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topic 19833

Rust preventation with Phosphoric Acid


A discussion started in 2003 but continuing through 2019

2003

Q. Is there or can you make a rust preventative containing phosphoric acid that will protect steel tubing for an extended period of time. I have been told that the acid reacts with iron oxides to create a zinc (?) phosphate like coating. Is this true.

John M Kish
Vari-Wall - Columbiana, Ohio


2003

A. Hi John. Phosphoric acid is one important ingredient in iron phosphate, but it is not the only one, so straight phosphoric acid is a marginal substitute for a good iron phosphate process; and iron phosphate is not as good as zinc phosphate; and even zinc phosphate is not intended to remain unpainted ... so you are pretty far from protecting steel tubing for "an extended period of time" :-(

Ted Mooney, finishing.com Teds signature
Ted Mooney, P.E.
finishing.com - Pine Beach, New Jersey
Striving to live Aloha


2003

A. Phosphoric acid-based solutions are commonly used on steel for cleaning and temporary protection from rust. These form a light iron phosphate coating of limited rust resistance; it is primarily a base for painting or other rust preventative. The solution treatments include

1) Acidic cleaning (phosphoric acid, organic solvents, acid-stable detergent & wetting agents), primarily as pretreatment & rust removal prior to painting: Mil-C-10578 [link is to free spec at Defense Logistics Agency, dla.mil]. This specification covers five types of concentrated phosphoric acid corrosion removing and metal conditioning compound which, when diluted with water and applied to metal surfaces, will remove rust from ferrous metal surfaces and provide a slight etching action for ferrous and nonferrous metals to promote the adhesion of paint or corrosion preventives,

2) Resin-acid wash primers (phosphoric acid, polyvinylbutyral resin and zinc chromate pigment) per DOD-P-15328 [link by ed. to spec at TechStreet] and MIL-C-8514, and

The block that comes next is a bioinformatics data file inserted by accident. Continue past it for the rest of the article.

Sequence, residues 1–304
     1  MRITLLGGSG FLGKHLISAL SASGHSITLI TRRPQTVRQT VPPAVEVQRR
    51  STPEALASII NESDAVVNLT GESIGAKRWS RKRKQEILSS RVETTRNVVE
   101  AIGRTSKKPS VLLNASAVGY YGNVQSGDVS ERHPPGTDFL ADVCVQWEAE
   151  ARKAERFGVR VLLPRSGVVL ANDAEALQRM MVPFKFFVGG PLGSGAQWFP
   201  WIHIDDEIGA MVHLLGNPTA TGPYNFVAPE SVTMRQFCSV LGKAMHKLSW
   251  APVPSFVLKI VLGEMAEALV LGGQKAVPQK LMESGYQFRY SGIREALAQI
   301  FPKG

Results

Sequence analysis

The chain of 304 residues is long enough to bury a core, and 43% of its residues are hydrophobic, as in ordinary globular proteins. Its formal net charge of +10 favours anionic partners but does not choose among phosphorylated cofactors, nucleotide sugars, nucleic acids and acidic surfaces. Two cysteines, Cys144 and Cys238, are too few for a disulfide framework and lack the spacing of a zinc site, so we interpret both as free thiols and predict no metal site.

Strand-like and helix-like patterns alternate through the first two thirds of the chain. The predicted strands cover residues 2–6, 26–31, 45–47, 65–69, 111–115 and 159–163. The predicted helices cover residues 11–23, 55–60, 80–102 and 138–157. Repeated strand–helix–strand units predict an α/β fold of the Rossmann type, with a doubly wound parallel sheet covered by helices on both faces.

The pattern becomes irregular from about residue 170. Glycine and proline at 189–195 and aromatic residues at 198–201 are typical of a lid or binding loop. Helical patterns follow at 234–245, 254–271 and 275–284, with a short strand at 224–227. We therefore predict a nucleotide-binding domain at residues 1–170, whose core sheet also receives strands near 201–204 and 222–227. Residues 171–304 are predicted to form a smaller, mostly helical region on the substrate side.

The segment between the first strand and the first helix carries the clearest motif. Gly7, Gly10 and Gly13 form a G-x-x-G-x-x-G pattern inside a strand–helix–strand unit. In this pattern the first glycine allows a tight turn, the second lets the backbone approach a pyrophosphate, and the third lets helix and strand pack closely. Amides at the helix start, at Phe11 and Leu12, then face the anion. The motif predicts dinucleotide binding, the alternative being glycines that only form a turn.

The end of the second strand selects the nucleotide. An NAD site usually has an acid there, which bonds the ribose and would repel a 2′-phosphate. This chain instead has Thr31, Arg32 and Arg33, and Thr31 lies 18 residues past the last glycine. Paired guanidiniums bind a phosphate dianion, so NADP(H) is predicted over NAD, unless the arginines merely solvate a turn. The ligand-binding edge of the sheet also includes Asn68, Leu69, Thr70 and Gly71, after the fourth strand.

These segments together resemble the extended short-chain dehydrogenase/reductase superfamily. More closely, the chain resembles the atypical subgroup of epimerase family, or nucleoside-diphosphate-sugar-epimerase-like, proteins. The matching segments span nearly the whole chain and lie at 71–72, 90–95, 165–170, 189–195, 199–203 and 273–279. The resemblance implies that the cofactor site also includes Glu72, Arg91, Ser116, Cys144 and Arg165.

3) Combination cleaning/phosphating of steel surfaces (including cases where some surfaces are Zn or Al) prior to painting. Federal spec. Fed TT-C-490 [link by ed. to spec at TechStreet] (several solutions) includes both iron and zinc phosphate coatings, which usually is painted but can be given an oil or wax coating.

Ken Vlach
- Goleta, California
contributor of the year

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2004

RFQ: We are interested to buy Phosphoric Acid. Please reply

Mahtab Uddin
- Dhaka, Bangladesh
^- Sorry, this RFQ is outdated
     View Current RFQs




October 3, 2017

Q. What harm is there in letting the product completely dry before covering in oil?

David Boyden
- Milton Vermont USA


October 2017

A. Hi David. I would not think there is any harm in letting phosphoric acid dry before covering in oil. Did someone say it was harmful? Is so, please tell about it and provide particulars about the situation you're inquiring about. But on the other hand, flash rusting of non-oiled surfaces can happen pretty quick too. Thanks!

Regards,

pic of Ted Mooney
Ted Mooney, P.E. RET
finishing.com - Pine Beach, New Jersey
Striving to live Aloha


February 19, 2019

Q. I am cleaning up the bolts and things on my old pickup. I want to protect the parts, would a phosphate or based solution work to control the corrosion. When I clean and paint the parts they still seem to rust.

Daniel Turner
- Monticello, New York, USA


February 2019

A. Hi Daniel. Every little bit helps. Getting them really clean with a strong alkaline detergent, phosphating them with Ospho [linked by editor to product info at Amazon] or other Rust Converter [linked by editor to product info at Amazon], two coats of paint. Good luck

Regards,

pic of Ted Mooney
Ted Mooney, P.E. RET
finishing.com - Pine Beach, New Jersey
Striving to live Aloha



March 20, 2019

Q. I am cleaning/restoring a metal lathe. I had removed all the rust but this winter, due to improper storage of acid nearby, it got a good surface rust again.

Anyway, I am using a hardware bought metal cleaner (phosphoric acid) which has always given me good results.

However, many of the lathe's parts will not be painted (obviously), I would like to know how to remove the white-ish iron phosphate on the surfaces. I know that a wire brush can do a lot, but this is time consuming and there are a lot of nooks and crannies ...

I want to bring the metal back to a clean shiny state before oiling it. Just oiling it does not do it. The metal keeps a bit of a "yellow" color.

Also, any suggestions on the best rust "oil" to keep the rust off would be appreciated. Remember those are sliding surfaces for the most part.

Thanks a lot. Great site!

Francis Brabant
Verger bio d'Oka - Oka, Québec, Canada


April 18, 2019

A. Try 20 gms paraffin wax dissolved in 1 lit petroleum. You can use WD 40 too. Hope it helps and good luck!

Goran Budija
- Zagreb , Croatia

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